North Korea nuclear test prompts warnings — but also resignation

America awoke to a third North Korean nuclear test on Tuesday — and also to a now-familiar Washington ritual.

A U.S. president threatened repercussions. Opposition lawmakers denounced the administration’s handling of the crisis. And experts warned there’s really not much the United States can do about it.

“I tend to think this is a lot to do about not a lot: they’ve tested before, so they’ve crossed the Rubicon,” said Toby Dalton, the deputy director of the Nuclear Policy Program at the Carnegie Endowment for International Peace. 

“I think our options are very limited. The reason the Bush administration opted to work with others to construct a six-party framework is a recognition that we alone have very little leverage to push North Korea in a direction we saw as positive. That assessment still holds.”

The latest test follows a series of recent provocative actions that have dimmed hopes that young leader Kim Jong Un would be a reformer. 

North Korea tested a long-range missile late last year in violation of United Nations obligations and threatened Monday’s test after the U.N. slapped new sanctions on the country in response.

“This nuclear test was only the first response we took with maximum restraint,” a North Korean Foreign Ministry official told KCNA news agency. “If the United States continues to come out with hostility and complicates the situation, we will be forced to take stronger, second and third responses in consecutive steps.”

President Obama vowed “further swift and credible action by the international community” in response to the test.

“The United States will also continue to take steps necessary to defend ourselves and our allies,” he said Tuesday. 

“We will strengthen close coordination with allies and partners and work with our Six-Party partners, the United Nations Security Council, and other U.N. member states to pursue firm action.”

North Korea had warned the U.S. of its intentions ahead of time, State Department spokeswoman Victoria Nuland said. 

As soon as the test was confirmed Monday night, Obama called his counterparts in South Korea, China, Japan and Russia to “consult and coordinate” on a response.

Secretary of State John KerryJohn Forbes KerryJohn Kerry to NYU Abu Dhabi: We can't address world problems by 'going it alone' Juan Williams: Trump's dangerous lies on Iran Pompeo: US tried, failed to achieve side deal with European allies MORE followed through with calls to the region’s foreign ministers on Tuesday. And the United Nations called an emergency meeting of its Security Council to address the long-awaited test.

“To address the persistent danger posed by North Korea’s threatening activities, the U.N. Security Council must and will deliver a swift, credible and strong response by way of a Security Council resolution that further impedes the growth of DPRK’s [the Democratic People’s Republic of Korea] nuclear weapons and ballistic missile programs and its ability to engage in proliferation activities,” U.S. Ambassador Susan Rice told reporters after the meeting. 

“In the days ahead, we will consult closely with other Council members and concerned U.N. member states to pursue appropriate further action.”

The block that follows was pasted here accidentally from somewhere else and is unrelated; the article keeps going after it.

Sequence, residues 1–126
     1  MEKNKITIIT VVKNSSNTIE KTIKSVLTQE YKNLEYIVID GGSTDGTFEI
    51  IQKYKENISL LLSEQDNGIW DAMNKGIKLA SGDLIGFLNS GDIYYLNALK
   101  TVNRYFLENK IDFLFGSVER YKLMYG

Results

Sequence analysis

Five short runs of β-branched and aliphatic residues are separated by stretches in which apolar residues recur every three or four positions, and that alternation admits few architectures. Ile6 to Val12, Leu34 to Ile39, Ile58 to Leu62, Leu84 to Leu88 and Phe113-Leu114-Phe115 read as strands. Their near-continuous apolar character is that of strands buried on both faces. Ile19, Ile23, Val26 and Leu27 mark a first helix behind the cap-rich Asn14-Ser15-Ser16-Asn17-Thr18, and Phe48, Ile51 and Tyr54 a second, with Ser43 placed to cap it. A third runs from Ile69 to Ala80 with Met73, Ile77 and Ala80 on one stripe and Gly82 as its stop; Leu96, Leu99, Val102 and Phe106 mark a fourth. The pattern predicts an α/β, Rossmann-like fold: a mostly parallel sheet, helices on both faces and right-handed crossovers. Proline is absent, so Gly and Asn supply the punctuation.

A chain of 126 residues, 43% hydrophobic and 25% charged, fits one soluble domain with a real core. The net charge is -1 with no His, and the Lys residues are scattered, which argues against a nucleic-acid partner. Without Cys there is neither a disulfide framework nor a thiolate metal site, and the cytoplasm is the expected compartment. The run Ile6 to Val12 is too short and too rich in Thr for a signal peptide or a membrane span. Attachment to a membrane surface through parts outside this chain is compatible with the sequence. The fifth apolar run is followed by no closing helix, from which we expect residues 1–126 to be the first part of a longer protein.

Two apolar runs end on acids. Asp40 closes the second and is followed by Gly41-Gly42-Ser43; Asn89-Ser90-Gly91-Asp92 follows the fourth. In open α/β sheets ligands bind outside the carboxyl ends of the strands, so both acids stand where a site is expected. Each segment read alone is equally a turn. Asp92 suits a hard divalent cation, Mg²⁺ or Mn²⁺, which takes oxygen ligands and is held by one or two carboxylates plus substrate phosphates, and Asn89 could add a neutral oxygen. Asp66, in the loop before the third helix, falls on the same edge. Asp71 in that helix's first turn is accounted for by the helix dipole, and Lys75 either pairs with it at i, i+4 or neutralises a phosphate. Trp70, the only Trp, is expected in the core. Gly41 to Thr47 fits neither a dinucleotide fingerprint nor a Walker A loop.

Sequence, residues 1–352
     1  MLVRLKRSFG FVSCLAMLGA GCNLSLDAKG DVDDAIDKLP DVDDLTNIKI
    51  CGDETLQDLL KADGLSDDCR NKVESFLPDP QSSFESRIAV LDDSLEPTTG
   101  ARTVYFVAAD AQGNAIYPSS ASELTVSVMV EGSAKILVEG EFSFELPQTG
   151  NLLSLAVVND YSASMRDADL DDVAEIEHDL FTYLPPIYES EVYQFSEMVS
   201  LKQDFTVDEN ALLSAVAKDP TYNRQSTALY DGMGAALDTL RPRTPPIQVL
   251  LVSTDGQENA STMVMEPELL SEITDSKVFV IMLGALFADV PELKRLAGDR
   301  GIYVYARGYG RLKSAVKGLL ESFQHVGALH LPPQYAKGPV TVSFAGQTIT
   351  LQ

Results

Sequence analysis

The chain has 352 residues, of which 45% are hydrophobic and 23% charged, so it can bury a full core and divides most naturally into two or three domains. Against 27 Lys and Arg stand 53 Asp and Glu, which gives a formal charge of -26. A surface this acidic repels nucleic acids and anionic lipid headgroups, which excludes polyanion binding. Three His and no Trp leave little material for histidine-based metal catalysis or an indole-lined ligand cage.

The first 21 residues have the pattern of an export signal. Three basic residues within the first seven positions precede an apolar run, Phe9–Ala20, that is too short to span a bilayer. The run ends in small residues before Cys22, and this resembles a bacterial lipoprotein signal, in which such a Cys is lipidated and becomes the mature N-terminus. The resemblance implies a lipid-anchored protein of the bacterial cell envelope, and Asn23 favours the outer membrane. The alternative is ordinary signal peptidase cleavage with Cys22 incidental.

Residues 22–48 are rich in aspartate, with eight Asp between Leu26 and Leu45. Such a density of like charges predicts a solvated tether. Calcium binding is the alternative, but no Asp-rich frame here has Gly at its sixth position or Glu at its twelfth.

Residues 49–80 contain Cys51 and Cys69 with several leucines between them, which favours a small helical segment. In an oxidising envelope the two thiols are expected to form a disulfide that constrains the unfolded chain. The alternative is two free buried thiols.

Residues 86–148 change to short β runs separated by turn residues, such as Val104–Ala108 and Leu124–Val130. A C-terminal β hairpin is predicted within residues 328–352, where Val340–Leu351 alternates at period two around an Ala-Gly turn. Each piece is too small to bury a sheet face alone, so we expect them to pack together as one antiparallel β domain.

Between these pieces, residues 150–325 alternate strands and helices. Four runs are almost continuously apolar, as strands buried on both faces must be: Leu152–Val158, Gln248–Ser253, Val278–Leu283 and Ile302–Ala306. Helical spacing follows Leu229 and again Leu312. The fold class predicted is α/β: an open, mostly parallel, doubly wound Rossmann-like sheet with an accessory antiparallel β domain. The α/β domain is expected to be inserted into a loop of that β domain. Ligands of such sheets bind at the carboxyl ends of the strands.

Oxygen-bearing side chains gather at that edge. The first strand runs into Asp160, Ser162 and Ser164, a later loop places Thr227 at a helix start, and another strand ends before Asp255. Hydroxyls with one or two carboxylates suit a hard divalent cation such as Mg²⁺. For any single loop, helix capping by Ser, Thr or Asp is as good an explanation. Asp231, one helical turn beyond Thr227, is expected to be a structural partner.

Republicans questioned the U.N.’s ability to pass meaningful sanctions, however.

“The United States must stand side-by-side with its closest allies in North East Asia, Japan and South Korea in responding to North Korea’s dangerous provocations,” said House Majority Leader Eric CantorEric Ivan CantorThe Hill's Morning Report — Sponsored by CVS Health — Trump’s love-hate relationship with the Senate Race for Republican Speaker rare chance to unify party for election Scalise allies upset over Ryan blindside on McCarthy endorsement MORE (R-Va.) in a statement. “We must insist that the international community, and especially North Korea’s neighbor China, apply meaningful sanctions and significant pressure on North Korea for its destabilizing provocations.”

Dalton said the timing of the test, on the eve of Obama’s State of the Union address and just as Japan, South Korea and China are getting new leaders, was meant as a signal to the rest of the world. 

Unless Pyongyang shows more signs of proliferation, however, he said it was unlikely that China would weigh in too heavily on its smaller neighbor.

Other lawmakers saw an opening to press their own priorities.

Hawkish Rep. Michael Turner (R-Ohio), the chairman of the House Armed Services subcommittee on Tactical Air and Land Forces, said it was “no coincidence” the test took place ahead of a speech in which Obama was expected to mention nuclear disarmament.

“It is even more disturbing to learn that while North Korea is expanding its weapons programs, the president is contemplating unilateral disarmament,” Turner said. “This is the wrong time to say to the North Koreans: ‘We’ll lay down our weapons, while you raise yours.’ ”

Rep. Ileana Ros-Lehtinen (R-Fla.) was expected to reintroduce her bill urging the State Department to put North Korea back on its list of state sponsors of terrorism. 

Former President George W. Bush’s State Department removed the country in 2008.

“This is another incident to ratchet up the pressure,” a House Republican aide said.

A State Department spokeswoman told The Hill that’s not in the cards right now.

“As a matter of law, in order for North Korea to be designated as a state sponsor of terrorism, the Secretary of State must determine that the government of North Korea has repeatedly provided support for acts of international terrorism,” Rhonda Shore said.

“Available information does not indicate that the DPRK government has repeatedly provided support for acts of international terrorism since its designation was rescinded in October 2008.